In addition, the SEC received a number of comments encouraging the Commission not to apply the Final Rule to companies that " contract to manufacture" products containing necessary conflict minerals, but that do not " manufacture" such products directly. Id. at 56,289-56,290. Despite the urging of those commentators, the Commission ultimately determined that the Rule should apply to both categories of issuers--those that directly manufacture products containing necessary conflict minerals, as well as those that contract to manufacture such products. Id. at 56,290. In so doing, the Commission declined to define " contract to manufacture" in the Final Rule, believing such a definition would prove " unworkable." Id. at 56,290-56,291. But the Adopting Release does offer guidance. The SEC explained that the term " contract to manufacture" only " include[s] issuers that have some actual influence over the manufacture of their products." Id. at 56,291. Consequently, the Commission explained that an issuer would not be viewed as " contracting to manufacture a product" if " its actions involve no more than" : (a) " [s]pecifying or negotiating contractual terms . . . that do not directly relate to the manufacturing of the product, such as training or technical support, price, insurance, indemnity, intellectual property rights, dispute resolution, or other like terms . . ." ; (b) " [a]ffixing its brand, marks, logo, or label to a generic product manufactured by a third party" ; or (c) " [s]ervicing, maintaining, or repairing a product manufactured by a third party." Id. In the Commission's view, this approach avoids sweeping " pure retailer[s]" into the Rule's scope, given that companies simply " offer[ing] a generic product under [their] own brand name or a separate brand name" generally do not " exert a sufficient degree of influence" over the manufacturing process. Id. at 56,292.
As another key point, the proposed rule would have required an issuer to undertake full-blown due diligence efforts if, based on its reasonable country of origin inquiry, it was " unable to determine that its conflict minerals did not originate in the Covered Countries." Id. at 56,312. Believing this framework would unreasonably require issuers to " prove a negative," the Commission ultimately concluded that such an " approach would arguably be more burdensome than necessary to accomplish the [Rule's] purpose," and that " requiring a certainty in this setting would not be reasonable and may impose undue costs." Id. at 56,312-56,313. As a result, the Final Rule incorporates the standard outlined above, whereby an issuer is excused from due diligence obligations so long as it " has no reason to believe that its conflict minerals may have originated in the Covered Countries," or " reasonably believes that its conflict minerals are from recycled or scrap sources." Id. at 56,313. In the SEC's view, this procedure struck the appropriate balance: " This revised approach does not require an issuer to prove a negative to avoid moving to [due diligence], but it also does not allow an issuer to ignore or be willfully blind to warning signs or other circumstances indicating that its conflict minerals may have originated in the Covered Countries." Id.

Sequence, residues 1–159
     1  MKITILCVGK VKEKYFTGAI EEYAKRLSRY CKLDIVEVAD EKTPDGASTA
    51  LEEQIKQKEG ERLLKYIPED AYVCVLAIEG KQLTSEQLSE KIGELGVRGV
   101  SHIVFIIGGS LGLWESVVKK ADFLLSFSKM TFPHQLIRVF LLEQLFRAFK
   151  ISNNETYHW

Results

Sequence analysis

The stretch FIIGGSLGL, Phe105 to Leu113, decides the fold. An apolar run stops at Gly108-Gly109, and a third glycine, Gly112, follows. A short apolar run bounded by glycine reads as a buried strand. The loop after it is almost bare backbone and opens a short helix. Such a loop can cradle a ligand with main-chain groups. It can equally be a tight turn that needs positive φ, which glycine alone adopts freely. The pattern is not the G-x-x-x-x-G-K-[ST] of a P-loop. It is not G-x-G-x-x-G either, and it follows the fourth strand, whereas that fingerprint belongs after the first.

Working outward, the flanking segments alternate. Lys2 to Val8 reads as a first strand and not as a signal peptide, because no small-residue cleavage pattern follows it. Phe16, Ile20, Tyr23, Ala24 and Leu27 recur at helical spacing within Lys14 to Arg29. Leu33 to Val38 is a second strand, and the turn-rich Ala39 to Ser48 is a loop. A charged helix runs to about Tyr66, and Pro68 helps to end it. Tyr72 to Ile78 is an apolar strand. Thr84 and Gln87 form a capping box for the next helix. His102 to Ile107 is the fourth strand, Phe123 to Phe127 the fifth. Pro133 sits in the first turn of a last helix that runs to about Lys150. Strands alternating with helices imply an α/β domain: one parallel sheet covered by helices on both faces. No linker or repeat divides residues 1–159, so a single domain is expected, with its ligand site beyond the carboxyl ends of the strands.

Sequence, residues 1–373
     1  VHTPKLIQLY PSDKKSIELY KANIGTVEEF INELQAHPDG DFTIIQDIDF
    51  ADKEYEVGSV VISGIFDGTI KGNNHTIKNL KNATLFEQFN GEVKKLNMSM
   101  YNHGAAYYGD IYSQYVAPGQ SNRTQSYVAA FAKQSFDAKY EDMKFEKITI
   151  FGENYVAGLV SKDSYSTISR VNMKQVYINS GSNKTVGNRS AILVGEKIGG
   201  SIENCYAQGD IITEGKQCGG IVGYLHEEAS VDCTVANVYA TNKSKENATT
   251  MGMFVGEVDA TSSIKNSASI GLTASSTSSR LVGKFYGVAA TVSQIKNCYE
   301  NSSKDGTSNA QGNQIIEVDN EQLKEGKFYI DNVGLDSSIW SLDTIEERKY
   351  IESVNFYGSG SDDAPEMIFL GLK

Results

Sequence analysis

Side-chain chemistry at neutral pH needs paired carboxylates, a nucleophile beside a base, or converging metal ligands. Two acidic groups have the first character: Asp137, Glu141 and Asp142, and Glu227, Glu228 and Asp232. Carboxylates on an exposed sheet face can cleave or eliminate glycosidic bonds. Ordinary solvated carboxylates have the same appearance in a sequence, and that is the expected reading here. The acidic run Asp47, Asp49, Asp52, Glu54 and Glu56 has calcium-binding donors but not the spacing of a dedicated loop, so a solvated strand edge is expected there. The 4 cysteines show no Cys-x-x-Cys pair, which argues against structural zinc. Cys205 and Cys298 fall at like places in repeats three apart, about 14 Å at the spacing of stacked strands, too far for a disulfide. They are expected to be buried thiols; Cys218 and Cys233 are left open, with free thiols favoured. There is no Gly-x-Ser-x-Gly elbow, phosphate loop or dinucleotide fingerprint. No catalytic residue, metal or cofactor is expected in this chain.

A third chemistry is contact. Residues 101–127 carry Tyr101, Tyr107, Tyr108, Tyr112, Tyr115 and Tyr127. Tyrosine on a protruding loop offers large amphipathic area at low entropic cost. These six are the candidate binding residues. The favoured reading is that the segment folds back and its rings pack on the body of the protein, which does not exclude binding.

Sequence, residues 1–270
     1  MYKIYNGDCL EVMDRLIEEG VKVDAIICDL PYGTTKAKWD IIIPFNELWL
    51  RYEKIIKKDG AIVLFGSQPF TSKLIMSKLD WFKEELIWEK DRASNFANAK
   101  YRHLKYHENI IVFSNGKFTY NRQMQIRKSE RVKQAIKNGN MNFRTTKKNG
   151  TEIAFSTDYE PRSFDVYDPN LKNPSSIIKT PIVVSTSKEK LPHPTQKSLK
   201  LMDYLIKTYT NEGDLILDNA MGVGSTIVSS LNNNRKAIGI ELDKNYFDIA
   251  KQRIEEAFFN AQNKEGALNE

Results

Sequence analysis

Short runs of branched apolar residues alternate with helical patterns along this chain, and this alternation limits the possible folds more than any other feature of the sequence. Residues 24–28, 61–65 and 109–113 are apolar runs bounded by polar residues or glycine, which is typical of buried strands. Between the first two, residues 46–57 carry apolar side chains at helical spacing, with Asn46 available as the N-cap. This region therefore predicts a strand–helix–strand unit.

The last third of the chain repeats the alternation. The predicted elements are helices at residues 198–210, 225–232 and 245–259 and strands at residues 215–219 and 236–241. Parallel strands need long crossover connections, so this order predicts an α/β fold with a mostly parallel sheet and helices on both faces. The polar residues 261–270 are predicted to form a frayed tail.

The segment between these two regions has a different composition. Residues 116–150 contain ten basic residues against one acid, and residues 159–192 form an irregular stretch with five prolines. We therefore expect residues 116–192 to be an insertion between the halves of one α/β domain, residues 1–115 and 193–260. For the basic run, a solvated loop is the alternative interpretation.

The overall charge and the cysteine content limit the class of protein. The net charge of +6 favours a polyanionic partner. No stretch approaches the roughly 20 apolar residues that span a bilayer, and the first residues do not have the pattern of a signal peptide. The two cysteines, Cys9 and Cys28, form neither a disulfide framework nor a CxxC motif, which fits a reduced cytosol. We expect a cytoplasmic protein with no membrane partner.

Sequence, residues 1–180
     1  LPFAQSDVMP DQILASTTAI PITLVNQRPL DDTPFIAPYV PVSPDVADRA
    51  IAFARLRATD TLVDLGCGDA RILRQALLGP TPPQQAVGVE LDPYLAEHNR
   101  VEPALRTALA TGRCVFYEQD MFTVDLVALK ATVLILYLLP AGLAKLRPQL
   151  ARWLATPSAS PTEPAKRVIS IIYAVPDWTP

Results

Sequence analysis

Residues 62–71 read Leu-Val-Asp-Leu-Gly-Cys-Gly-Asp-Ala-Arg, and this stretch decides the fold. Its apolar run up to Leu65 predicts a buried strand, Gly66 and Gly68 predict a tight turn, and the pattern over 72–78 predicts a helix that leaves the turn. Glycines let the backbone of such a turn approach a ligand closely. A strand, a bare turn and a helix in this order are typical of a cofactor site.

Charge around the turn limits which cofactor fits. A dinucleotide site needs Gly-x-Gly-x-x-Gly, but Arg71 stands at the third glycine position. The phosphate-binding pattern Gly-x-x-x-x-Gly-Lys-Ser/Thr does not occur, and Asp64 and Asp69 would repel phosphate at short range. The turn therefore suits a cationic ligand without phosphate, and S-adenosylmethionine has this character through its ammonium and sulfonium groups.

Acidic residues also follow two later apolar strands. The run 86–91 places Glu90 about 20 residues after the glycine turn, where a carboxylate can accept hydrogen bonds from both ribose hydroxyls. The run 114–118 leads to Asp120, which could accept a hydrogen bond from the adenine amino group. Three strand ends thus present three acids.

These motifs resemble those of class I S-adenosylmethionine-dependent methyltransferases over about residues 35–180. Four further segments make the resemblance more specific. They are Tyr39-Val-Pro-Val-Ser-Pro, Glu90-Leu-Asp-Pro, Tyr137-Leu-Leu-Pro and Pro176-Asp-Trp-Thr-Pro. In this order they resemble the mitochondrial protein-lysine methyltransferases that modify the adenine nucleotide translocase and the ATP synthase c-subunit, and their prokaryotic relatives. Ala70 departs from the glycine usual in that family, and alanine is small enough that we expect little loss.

Separately, the terms of the proposed rule also would have required issuers unable to determine the source of their conflict minerals to describe their products in the Conflict Minerals Report as " not DRC conflict free." Id. at 56,317. Responding to commentators' concerns that it " would impose an unfair stigma" on companies that are forced to describe products as " not DRC conflict free," " particularly on issuers that did not know whether their minerals directly or indirectly financed or benefited armed groups in the Covered Countries," the Commission modified the applicable language in the Final Rule. Id. at 56,322. Instead, issuers must now explain that such products have " not been found to be 'DRC conflict free'" (unless they rely upon the alternative disclaimer of " DRC conflict undeterminable" during the temporary transition period). Id. In the Commission's view, this approach avoids incentivizing issuers to " avoid determining the origins of the conflict minerals that they use," while remaining faithful to " Congress's directive in Section 1502" of Dodd-Frank. Id. at 56,321.
B. Procedural History
Plaintiffs initially filed this action with the U.S. Court of Appeals for the D.C. Circuit, invoking 15 U.S.C. § 78y as the direct jurisdictional springboard to the Court of Appeals. While the case was pending with the appellate court, however, the D.C. Circuit issued its decision in American Petroleum Institute v. SEC,714 F.3d 1329, 404 U.S. App. D.C. 407 (D.C. Cir. 2013), concluding that it lacked jurisdiction over a direct challenge to a different SEC rule issued under Dodd-Frank. Id. at 1333. The D.C. Circuit held that its original jurisdiction under Section 25 of the Exchange Act is limited to challenges to " final orders issued by the Commission" and to challenges to " rules promulgated pursuant to enumerated sections of the Act." Id. Outside of those limited circumstances, the Circuit explained, " a party must first proceed by filing suit in district court" under the APA. Id. The American Petroleum decision was issued on April 26, 2013; four days later--apparently ...